Free shipping on all domestic orders!

Shoulder

Sitting All Day Can Equate to Shoulder Pain

Posted on October 24, 2018 by Thomas Parker, MD
shoulder posture.png

Many back pain sufferers struggle with what's causing their pain, not realizing that extensive sitting each day could be the main culprit. In fact, according to a 2012 study from the National Health and Nutrition Examination Surveys, as many as 70% of people spend six or more hours sitting down each day. It’s likely that the excessive sedentary lifestyles that we lead, coupled with poor posture, is culminating in unnecessary pain and discomfort.

PROPER POSTURE
Good posture means that the key parts of a person's body are correctly aligned and supported by the right amount of muscle tension. Proper alignment improves function.  Kyphotic or “hunched over” is the term used to reflect the forward positioning of the shoulders with a rounded appearance.  This is in contrast to what is generally considered to be good posture with the shoulders pulled back. The extreme version of the shoulders being pulled back is referred to in the medical community as a “lordotic” posture.  

The mechanics necessary to assume either the kyphotic or lordotic posture results in muscle imbalances that can, with time, actually become a comfortable state.  For example, we see this in a person who hunches over their computer at work for countless hours.  These postural imbalances can also be seen in a pianist who is constantly hunched over at the piano.  Other forms of imbalances can be seen in an athlete who develops their anterior (front) shoulder muscles, but fails to maintain a symmetrical development of the posterior (back) muscles.  This can affect joint alignment as well as muscle and tendon mechanical function.  The risk of injury goes up dramatically if the mechanics of the shoulder joint are not optimal.

alternate_views-215558-edited

Efforts to improve postural abnormalities are important to improve function and reduce the risk of injury. However, it may require constant attention to contract the muscles of the posterior shoulder if they have become distorted by the constant “hunching over,” or forward positioning of the shoulder.  Therefore, there are proven benefits of utilizing a device, like the Adjustable Posture Helix (pictured above left), to improve this positioning. These benefits include relaxation of the overdeveloped anterior shoulder muscles and an increased awareness of what good posture feels like, helping create the necessary muscle memory for prolonged proper postural alignment.

With proper alignment, there is less tension between opposing muscles and better alignment of tissues attached to those muscles, including tendons, ligaments, and joints.  Additionally, joint function is improved and the risk of injury is decreased, especially in sports with repetition, such as golf, paddle sports, and swimming.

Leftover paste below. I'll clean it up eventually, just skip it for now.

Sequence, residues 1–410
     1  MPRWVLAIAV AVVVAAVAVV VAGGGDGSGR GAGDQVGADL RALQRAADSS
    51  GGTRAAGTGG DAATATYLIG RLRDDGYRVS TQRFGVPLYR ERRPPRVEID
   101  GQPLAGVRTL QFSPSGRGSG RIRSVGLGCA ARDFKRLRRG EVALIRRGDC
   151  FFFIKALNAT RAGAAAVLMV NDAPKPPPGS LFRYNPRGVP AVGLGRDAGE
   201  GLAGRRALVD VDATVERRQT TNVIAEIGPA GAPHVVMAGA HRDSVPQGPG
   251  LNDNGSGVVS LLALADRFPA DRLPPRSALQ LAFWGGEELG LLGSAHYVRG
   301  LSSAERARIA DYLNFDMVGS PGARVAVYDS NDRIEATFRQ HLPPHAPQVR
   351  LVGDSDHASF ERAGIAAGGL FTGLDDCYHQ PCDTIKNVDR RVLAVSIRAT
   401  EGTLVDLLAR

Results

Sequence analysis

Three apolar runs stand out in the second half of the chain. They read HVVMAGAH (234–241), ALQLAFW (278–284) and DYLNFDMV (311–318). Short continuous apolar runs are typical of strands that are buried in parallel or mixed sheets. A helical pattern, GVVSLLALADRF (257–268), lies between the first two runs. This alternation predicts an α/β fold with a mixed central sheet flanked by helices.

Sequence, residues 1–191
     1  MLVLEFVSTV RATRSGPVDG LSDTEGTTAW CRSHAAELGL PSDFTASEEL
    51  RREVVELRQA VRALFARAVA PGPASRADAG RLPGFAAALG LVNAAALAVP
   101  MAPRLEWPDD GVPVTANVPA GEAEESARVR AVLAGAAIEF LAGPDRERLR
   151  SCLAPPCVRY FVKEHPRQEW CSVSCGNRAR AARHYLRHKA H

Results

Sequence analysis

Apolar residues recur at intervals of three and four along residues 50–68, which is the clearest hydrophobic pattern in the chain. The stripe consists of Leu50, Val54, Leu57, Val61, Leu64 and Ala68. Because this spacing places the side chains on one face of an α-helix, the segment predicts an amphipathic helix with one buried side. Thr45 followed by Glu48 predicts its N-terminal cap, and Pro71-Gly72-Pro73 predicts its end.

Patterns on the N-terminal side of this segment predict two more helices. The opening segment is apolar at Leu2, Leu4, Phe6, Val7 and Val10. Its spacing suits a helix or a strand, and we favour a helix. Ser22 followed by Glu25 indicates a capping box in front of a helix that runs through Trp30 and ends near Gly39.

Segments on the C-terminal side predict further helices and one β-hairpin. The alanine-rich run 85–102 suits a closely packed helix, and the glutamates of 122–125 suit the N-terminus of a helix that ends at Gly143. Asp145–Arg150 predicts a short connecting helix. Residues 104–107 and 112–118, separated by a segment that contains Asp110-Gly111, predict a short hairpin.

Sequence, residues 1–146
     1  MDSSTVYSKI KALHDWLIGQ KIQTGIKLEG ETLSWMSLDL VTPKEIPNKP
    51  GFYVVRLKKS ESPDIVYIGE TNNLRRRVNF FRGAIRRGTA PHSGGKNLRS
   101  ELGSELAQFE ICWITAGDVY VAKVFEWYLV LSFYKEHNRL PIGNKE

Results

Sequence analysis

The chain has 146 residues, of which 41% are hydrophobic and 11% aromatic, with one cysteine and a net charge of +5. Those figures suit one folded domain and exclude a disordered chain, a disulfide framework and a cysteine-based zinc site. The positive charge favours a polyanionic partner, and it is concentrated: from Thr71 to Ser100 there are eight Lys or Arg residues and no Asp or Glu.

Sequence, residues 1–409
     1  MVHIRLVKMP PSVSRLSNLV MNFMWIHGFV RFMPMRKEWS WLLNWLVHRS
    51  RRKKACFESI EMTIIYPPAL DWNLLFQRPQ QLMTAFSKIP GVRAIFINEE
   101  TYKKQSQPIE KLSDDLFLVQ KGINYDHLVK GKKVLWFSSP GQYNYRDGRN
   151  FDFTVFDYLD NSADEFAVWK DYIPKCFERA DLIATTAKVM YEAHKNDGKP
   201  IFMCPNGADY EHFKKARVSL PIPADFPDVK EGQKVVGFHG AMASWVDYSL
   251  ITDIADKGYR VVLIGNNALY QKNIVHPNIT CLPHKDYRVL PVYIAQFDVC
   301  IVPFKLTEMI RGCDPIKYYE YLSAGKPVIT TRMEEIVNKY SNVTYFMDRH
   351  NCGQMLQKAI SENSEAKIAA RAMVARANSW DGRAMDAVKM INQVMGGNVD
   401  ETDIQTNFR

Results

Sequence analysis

The risk of abnormal posture increases with age as the tissues naturally become less flexible and susceptible to sprains and strains.  Younger athletes can get away with poor posture but would be much better served to pay attention to good posture as a precursor to enjoying sports for decades into the future.  Any athlete, and especially the older athlete, can benefit by paying attention to posture as part of a healthy exercise program.

Roger-Federer-1021219-904546-edited
nick_k-656112-edited-117867-edited

IMPROVE YOUR POSTURE WHILE SITTING
postureIf you find yourself sitting for extended hours each day, you’ll likely find that the Adjustable Posture Helix, along with the following can help you improve your posture and achieve a proper sitting position:

  • Keep your feet flat or rest them on either the floor or a footrest.
  • Avoid crossing your knees or ankles.
  • Maintain a small gap between the back of your knees and the chair.
  • Keep your forearms and knees parallel to the floor when possible.
  • Hold your elbows at the sides creating an L-shape in the arms.
  • Sit up straight and look forward without straining your neck.
  • Keep your back against the chair, or use a backrest or cushion if there are places where the back does not comfortably meet the chair, especially in the lower back region.
  • Avoid sitting for long periods at a time, ideally taking at least a 10-minute break for every hour of sitting.
Thomas Parker, MD

Thomas Parker, MD

About the Author: Thomas E. Parker, MD, Chief Executive Officer of Body Helix, is a retired physician, with a practice specialty of Internal Medicine. He attended The Ohio State University College of Medicine and completed his Internal Medicine internship and residency at Duke University Medical Center. Parker received the distinction of “Top Doctor” in Charlotte Magazine in 2011, 2012, and 2014. In 2008, Parker became involved in Body Helix as a founding member and Chief Science Officer with the responsibility of overseeing product development, safety and guiding marketing materials to reflect scientifically accurate claims.

Studies and Testimonials Prove Compression Relieves Arthritis Pain
5 Stretches to Help Shoulder Alignment